Throughout 2014, the international conservation community celebrated the 50th anniversary of the IUCN Red List of Threatened Species and its significant contribution to guiding global preservation action. The Red List is now the world’s most comprehensive information source on the global conservation status of animal, fungi and plant species.
European Red Lists have been completed for 6,000 species, including mammals, reptiles, amphibians, dragonflies, saproxylic beetles, butterflies, freshwater molluscs, freshwater fishes and vascular plants. The assessments of all bees, marine fishes, birds and of the most important medicinal plants will be completed at the beginning of 2015, which will bring the number of species assessed to 10,000.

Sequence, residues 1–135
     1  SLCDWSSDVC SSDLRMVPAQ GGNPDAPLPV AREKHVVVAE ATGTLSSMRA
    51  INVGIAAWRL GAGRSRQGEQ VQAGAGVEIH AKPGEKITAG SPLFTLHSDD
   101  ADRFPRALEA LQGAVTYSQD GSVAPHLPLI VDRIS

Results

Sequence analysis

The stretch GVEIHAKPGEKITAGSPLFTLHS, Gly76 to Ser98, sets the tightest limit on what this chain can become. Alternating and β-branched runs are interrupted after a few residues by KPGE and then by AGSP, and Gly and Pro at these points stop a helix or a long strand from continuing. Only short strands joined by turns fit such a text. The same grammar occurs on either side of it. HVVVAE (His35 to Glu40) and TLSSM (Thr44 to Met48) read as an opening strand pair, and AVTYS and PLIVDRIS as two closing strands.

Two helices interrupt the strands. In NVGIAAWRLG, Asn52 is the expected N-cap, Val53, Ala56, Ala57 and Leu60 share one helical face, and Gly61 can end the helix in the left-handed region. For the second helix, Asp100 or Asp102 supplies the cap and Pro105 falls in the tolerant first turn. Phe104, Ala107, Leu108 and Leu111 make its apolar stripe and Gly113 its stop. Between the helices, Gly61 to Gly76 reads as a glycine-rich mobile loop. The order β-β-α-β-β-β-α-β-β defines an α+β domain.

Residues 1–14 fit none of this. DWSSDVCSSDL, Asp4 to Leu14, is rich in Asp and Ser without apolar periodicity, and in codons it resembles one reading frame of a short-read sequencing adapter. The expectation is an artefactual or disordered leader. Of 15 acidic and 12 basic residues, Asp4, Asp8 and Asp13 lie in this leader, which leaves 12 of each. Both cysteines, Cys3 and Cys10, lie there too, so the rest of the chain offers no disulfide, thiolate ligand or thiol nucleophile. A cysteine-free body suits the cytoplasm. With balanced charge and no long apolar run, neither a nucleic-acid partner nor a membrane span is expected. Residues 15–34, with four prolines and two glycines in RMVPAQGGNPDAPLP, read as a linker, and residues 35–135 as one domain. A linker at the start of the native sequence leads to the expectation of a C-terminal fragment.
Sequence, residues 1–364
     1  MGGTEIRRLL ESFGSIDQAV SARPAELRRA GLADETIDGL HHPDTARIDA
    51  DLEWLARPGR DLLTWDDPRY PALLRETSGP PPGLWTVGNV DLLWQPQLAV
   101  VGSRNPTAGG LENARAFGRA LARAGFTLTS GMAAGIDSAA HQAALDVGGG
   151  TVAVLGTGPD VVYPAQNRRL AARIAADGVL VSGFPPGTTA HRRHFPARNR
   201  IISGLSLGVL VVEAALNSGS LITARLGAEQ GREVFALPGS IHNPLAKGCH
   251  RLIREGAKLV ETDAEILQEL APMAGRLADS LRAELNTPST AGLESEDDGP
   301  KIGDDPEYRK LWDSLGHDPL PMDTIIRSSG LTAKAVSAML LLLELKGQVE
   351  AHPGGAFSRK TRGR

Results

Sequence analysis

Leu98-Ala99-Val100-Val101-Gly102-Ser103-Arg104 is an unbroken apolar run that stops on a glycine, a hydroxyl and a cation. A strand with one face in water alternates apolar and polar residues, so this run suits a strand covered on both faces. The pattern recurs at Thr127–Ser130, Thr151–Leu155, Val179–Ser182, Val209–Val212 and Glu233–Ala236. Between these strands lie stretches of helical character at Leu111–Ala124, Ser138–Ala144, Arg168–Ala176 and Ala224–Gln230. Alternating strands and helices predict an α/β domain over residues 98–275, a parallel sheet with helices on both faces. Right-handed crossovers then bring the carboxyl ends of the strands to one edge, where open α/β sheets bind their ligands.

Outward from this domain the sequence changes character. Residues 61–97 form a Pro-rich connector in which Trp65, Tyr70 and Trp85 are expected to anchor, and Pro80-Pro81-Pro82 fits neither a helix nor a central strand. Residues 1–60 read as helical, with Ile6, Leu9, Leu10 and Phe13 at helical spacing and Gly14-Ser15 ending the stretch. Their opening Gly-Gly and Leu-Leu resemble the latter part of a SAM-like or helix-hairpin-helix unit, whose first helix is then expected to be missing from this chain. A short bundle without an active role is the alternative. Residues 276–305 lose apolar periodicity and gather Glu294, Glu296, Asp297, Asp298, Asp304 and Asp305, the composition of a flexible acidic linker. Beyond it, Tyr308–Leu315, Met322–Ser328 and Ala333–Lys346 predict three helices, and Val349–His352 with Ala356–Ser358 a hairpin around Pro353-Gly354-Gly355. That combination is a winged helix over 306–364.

Over the years, the European Red List has become a powerful tool to inform political leaders on biodiversity conservation and the protection of Europe’s natural resources. It is an instrument to measure progress towards achieving the EU 2020 Biodiversity Strategy and the Strategic Plan of the Convention on Biological Diversity as well as to guide the allocation of financial resources and support priority setting for conservation actions.